Nagarkirtan on Hoichoi, with Riddhi Sen and Ritwick Chakraborty: A tender, sensual, beautifully acted drama about unconventional love

Posted on July 22, 2020


The director equates this “unconventional” love story between two men to the one between Radha and Krishna. They’re both Krishna. And they’re both Radha.

Spoilers ahead…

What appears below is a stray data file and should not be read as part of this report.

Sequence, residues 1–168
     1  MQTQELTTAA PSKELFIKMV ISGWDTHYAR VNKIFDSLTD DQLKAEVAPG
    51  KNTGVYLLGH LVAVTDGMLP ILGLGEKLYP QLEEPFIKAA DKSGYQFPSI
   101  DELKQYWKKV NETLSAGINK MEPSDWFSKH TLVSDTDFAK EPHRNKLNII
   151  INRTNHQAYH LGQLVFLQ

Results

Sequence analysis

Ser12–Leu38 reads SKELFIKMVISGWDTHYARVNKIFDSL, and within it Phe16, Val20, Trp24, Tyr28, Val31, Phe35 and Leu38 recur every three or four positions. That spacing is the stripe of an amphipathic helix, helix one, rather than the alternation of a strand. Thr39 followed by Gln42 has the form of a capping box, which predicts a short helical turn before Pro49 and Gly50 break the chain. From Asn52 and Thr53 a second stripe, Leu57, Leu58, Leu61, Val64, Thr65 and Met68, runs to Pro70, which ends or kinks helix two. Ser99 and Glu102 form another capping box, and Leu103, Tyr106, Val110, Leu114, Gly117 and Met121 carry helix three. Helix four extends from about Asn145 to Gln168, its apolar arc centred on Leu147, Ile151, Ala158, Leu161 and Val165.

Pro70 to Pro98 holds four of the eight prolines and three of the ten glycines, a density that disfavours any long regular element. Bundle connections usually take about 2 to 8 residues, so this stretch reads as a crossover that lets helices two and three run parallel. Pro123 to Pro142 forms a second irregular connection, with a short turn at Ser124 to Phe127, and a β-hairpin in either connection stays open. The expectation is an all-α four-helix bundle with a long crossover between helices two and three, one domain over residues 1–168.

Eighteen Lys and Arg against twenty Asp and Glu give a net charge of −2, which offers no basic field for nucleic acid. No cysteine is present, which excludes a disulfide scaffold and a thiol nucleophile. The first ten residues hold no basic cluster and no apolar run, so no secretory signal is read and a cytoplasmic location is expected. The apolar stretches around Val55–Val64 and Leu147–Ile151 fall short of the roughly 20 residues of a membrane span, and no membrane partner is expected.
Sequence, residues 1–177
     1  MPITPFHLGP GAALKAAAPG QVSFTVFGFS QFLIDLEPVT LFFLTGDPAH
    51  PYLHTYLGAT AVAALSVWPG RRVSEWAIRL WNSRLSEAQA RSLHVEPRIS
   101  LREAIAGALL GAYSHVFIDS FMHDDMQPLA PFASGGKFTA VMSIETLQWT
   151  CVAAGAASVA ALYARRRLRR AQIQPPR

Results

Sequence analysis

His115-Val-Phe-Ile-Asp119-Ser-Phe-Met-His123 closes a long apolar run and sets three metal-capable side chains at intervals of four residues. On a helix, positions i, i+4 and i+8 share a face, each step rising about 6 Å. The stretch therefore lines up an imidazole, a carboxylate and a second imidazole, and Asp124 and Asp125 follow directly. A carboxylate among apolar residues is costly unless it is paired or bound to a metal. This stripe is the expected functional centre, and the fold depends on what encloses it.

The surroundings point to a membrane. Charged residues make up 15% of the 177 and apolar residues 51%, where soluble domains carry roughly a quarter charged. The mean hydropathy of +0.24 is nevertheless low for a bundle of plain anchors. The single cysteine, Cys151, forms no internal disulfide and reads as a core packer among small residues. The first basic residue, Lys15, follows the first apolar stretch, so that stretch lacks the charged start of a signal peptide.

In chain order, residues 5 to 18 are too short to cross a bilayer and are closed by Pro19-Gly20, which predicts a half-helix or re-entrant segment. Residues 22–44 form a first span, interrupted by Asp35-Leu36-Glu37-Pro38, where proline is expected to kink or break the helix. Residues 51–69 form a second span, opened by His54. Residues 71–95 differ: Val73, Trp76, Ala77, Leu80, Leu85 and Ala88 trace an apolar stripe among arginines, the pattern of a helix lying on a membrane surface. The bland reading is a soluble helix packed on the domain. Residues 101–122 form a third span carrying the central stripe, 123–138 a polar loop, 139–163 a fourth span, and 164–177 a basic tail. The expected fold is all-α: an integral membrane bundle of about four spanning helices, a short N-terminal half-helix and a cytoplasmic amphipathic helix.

Kaushik Ganguly’s Nagarkirtan centres on two people, two states of mind. First, there’s Parimal (Riddhi Sen), a young man who feels he belongs to the opposite gender. He runs away from home — from a father who sneers that he walks and talks “like a woman” — and takes shelter in a colony of transpeople in Kolkata. He begins to wear a wig of long hair. He wears a bindi. He wears female clothes, including a bra. He claps his hands at traffic signals and asks for money. The film’s other central character works the roads, too. His name is Madhu (Ritwick Chakraborty). He’s a fast-food delivery guy and a part-time flautist, and he falls for Parimal. He knows Parimal is a boy/man, and he doesn’t seem to have self-identified as gay or bi. And yet, there it is, this attraction, because… kuch kuch hota hai. That’s the song (that film’s title song) Madhu plays on his flute when Parimal is around. Kuch kuch hota hai: something happens to me when you come near.

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